While petitioners focus on the misunderstanding between petitioner and Merrill Lynch on January 3, 1989, it is the sale of the 96,600 share portion of the 100,000 shares of WalMart stock that they are attempting to rescind. In this attempt, they have confused Merrill Lynch with the actual purchasers of the stock. Merrill Lynch was merely the seller's agent.

Rev. Rul. 80-58, supra, discusses the income tax consequences of a rescission between a buyer and a seller. For the rescission to be effective, both buyer and seller must be put back in their original positions. Rev. Rul. 80-58, supra, 1980-1 C.B. 181, 181. In their brief, petitioners address only the relationship between themselves and Merrill Lynch. However, the buyer and the seller in the instant case are the January 3 purchasers of the WalMart stock and the petitioners, respectively, not Merrill Lynch and petitioners. As noted above, Merrill Lynch acted merely as an agent. 3


3 There is not here involved any issue as to Merrill Lynch's liability as an agent. Accordingly, we need not address that subject here. However, even if petitioners could establish that Merrill Lynch was liable to petitioners, see Restatement, Agency 2 sec. 44 (1958) ("If an authorization is ambiguous because of facts of which the agent has no notice, he has authority to act in accordance with what he reasonably believes to be the intent of the principal although this is contrary to the principal's intent"), petitioners would be bound to the January 3 buyers by the apparent authority Merrill Lynch exercised on behalf of petitioners. See 3 Am. Jur. 2d, Agency, secs. 71, 270 (1986).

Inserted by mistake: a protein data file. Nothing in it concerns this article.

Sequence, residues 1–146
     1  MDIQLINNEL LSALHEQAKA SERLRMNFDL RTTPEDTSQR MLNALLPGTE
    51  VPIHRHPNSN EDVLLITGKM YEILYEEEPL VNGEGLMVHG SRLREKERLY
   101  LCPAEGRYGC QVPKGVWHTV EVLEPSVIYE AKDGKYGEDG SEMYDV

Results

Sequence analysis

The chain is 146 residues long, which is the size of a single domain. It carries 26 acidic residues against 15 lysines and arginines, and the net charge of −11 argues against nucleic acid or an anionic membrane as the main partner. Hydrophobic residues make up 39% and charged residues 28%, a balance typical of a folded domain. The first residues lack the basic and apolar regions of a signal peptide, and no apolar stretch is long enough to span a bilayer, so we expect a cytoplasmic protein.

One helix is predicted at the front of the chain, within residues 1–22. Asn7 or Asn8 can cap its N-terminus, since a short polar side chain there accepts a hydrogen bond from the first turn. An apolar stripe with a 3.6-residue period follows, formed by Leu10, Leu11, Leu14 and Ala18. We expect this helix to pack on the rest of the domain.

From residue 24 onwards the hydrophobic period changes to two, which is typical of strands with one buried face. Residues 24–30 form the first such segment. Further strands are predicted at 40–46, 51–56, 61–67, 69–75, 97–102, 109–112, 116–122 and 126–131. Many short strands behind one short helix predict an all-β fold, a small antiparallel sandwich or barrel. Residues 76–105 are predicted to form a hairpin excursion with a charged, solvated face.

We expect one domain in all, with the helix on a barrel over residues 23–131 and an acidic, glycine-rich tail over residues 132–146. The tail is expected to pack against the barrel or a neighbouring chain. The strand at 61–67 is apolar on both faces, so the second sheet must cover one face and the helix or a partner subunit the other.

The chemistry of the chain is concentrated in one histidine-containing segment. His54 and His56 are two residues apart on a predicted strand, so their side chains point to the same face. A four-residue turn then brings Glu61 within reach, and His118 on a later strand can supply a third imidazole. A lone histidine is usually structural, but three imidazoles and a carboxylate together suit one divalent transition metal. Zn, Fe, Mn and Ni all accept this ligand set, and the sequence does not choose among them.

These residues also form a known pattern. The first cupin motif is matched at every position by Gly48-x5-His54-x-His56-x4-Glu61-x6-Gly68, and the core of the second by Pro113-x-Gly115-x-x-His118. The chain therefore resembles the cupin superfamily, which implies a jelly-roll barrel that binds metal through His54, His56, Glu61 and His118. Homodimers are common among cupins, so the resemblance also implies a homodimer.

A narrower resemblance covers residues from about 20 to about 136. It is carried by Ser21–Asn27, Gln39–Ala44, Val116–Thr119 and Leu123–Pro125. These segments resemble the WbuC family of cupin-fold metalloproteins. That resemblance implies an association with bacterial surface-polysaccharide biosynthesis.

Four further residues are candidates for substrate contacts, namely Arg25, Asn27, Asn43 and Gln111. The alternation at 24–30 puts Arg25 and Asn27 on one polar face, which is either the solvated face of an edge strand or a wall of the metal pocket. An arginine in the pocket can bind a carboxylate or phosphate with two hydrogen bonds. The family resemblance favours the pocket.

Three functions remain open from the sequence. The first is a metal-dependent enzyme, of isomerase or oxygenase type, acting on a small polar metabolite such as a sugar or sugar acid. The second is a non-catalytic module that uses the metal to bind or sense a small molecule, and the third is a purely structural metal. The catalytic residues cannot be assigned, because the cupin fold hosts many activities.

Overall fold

Neither buyer nor seller was put back into "the relative positions that they would have occupied had no contract been made." Id. at 181. The parties (petitioners and the IRS) stipulated that the January 3 sales were made without condition. The buyers never relinquished to petitioner the stock purchased on January 3, 1989. Although petitioner purchased 96,600 shares of WalMart stock in December 1989, he stipulated that those shares were not the same shares of stock sold on January 3, 1989. To facilitate the December 28 purchase, petitioner borrowed $1,350,000 from his father. Petitioner did not owe any money to his father for stock purchases prior to the January 3 sale.